Effects of the combination of wheel running and atomoxetine on cue- and cocaine-primed reinstatement in rats selected for high or low impulsivity

Natalie E. Zlebnik, Marilyn E Carroll

Research output: Contribution to journalArticlepeer-review

19 Scopus citations

Abstract

Background: Aerobic exercise and the attention-deficit/hyperactivity disorder medication, atomoxetine (ATO), are two monotherapies that have been shown to suppress reinstatement of cocaine-seeking in an animal model of relapse. The present study investigated the effects of combining wheel running and ATO versus each treatment alone on cocaine-seeking precipitated by cocaine and cocaine-paired cues in rats with differing susceptibility to drug abuse (i.e., high vs. low impulsive). Methods: Rats were screened for high (HiI) or low impulsivity (LoI) based on their performance on a delay-discounting task and then trained to self-administer cocaine (0.4 mg/kg/inf) for 10 days. Following 14 days of extinction, both groups were tested for reinstatement of cocaine-seeking precipitated by cocaine or cocaine-paired cues in the presence of concurrent running wheel access (W), pretreatment with ATO, or both (W+ATO). Results: HiI rats acquired cocaine self-administration more quickly than LoI rats. While both individual treatments and W+ATO significantly attenuated cue-induced cocaine seeking in HiI and LoI rats, only W+ATO was effective in reducing cocaine-induced reinstatement compared with vehicle treatment. There were dose-dependent and phenotype-specific effects of ATO with HiI rats responsive to the low but not high ATO dose. Floor effects of ATO and W on cue-induced reinstatement prevented the assessment of combined treatment effects. Conclusions: These findings demonstrated greater attenuation of cue- versus cocaine-induced reinstatement by ATO and W alone and recapitulate impulsivity phenotype differences in both acquisition of cocaine self-administration and receptivity to treatment.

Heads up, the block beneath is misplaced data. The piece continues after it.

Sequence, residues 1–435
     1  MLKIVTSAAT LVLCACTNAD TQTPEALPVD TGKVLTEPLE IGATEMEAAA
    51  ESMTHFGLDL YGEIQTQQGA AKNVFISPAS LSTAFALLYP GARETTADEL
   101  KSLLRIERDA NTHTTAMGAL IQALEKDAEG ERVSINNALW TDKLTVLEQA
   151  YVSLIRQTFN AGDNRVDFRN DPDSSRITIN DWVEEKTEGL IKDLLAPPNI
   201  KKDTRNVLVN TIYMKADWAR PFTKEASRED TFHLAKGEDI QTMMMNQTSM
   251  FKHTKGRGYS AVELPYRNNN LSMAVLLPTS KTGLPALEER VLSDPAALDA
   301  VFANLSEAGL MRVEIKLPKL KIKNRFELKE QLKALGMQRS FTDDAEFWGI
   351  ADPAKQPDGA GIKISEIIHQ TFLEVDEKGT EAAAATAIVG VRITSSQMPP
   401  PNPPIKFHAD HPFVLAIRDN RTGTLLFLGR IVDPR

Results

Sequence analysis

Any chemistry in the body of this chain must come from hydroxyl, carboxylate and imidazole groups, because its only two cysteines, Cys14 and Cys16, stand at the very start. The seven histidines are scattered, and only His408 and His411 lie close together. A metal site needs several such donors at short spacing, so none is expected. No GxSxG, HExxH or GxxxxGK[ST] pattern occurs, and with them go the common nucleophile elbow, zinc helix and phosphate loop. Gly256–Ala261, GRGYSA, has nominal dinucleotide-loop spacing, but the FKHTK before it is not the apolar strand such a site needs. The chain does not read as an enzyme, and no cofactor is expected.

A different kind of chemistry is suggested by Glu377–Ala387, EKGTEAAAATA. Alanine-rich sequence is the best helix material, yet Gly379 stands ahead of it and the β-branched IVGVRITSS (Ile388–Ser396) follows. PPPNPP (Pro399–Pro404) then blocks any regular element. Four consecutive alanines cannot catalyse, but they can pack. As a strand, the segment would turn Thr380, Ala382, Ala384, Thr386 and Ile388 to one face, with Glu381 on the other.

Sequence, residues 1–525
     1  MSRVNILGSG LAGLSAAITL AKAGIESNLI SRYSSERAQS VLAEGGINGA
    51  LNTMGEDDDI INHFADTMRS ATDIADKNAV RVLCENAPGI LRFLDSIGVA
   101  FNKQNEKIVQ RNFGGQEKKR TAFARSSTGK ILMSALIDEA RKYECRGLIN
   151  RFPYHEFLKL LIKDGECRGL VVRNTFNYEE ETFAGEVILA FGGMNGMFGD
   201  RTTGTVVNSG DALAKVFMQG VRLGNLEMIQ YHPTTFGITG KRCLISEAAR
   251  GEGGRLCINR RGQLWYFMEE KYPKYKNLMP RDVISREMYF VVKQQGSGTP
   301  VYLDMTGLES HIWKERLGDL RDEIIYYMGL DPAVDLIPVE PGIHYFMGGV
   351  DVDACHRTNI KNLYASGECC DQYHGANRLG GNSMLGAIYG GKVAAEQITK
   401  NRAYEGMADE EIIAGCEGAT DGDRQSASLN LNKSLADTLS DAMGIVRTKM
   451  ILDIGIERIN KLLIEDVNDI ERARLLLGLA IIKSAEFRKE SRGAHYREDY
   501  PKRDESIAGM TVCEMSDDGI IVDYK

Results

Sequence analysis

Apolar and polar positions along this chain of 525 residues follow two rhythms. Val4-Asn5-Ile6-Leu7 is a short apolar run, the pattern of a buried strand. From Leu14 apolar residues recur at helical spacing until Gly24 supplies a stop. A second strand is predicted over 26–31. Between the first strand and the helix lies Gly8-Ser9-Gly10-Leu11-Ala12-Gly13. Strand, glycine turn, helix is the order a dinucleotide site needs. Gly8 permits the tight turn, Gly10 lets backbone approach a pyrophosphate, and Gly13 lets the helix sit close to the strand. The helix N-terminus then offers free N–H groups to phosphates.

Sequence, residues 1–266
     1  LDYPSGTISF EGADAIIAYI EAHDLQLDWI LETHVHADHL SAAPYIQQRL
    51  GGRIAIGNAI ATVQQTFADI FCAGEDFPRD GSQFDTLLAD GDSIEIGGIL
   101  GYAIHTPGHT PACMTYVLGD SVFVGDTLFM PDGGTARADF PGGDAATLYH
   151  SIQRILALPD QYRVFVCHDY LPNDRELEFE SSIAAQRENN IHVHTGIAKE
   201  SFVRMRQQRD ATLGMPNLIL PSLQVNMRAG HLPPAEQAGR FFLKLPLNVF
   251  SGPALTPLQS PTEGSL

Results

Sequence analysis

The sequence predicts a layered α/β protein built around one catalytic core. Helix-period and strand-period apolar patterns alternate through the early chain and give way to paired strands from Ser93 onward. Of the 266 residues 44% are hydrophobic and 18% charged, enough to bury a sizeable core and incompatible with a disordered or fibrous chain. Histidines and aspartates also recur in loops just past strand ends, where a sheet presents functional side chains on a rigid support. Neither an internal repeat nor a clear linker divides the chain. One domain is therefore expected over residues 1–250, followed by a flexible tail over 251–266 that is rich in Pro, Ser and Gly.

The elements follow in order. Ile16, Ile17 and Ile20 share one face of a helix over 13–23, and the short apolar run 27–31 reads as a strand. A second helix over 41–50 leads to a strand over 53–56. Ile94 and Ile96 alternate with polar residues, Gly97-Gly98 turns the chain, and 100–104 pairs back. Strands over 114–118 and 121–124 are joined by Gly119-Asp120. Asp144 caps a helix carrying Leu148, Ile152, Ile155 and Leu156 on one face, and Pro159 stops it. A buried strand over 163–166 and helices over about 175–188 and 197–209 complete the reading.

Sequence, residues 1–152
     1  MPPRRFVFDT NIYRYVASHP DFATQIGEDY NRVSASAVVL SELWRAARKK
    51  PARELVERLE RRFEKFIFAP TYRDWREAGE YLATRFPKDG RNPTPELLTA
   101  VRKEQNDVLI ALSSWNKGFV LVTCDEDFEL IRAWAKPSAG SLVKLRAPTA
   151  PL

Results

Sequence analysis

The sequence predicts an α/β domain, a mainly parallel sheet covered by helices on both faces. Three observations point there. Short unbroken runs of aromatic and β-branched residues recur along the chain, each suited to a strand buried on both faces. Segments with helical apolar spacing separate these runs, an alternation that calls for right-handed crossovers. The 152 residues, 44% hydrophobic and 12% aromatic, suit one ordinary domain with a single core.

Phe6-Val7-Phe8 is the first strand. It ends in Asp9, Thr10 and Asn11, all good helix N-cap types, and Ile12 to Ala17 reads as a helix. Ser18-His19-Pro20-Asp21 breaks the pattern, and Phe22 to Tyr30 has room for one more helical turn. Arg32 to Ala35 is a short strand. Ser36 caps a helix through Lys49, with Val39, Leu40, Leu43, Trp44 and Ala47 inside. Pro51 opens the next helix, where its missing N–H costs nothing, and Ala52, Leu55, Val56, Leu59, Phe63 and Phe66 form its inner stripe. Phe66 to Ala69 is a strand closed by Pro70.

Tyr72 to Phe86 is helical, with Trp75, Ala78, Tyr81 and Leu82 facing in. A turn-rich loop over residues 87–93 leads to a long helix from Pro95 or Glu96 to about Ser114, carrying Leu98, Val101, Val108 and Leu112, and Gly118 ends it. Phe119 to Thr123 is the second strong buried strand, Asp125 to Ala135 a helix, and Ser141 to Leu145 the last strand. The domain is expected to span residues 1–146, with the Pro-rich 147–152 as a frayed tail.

Original languageEnglish (US)
Pages (from-to)1049-1059
Number of pages11
JournalPsychopharmacology
Volume232
Issue number6
DOIs
StatePublished - Mar 2015

Bibliographical note

Publisher Copyright:
© 2014 Springer-Verlag Berlin Heidelberg.

Copyright:
Copyright 2015 Elsevier B.V., All rights reserved.

Keywords

  • Atomoxetine
  • Cocaine
  • Exercise
  • Impulsivity
  • Reinstatement
  • Relapse
  • Wheel running

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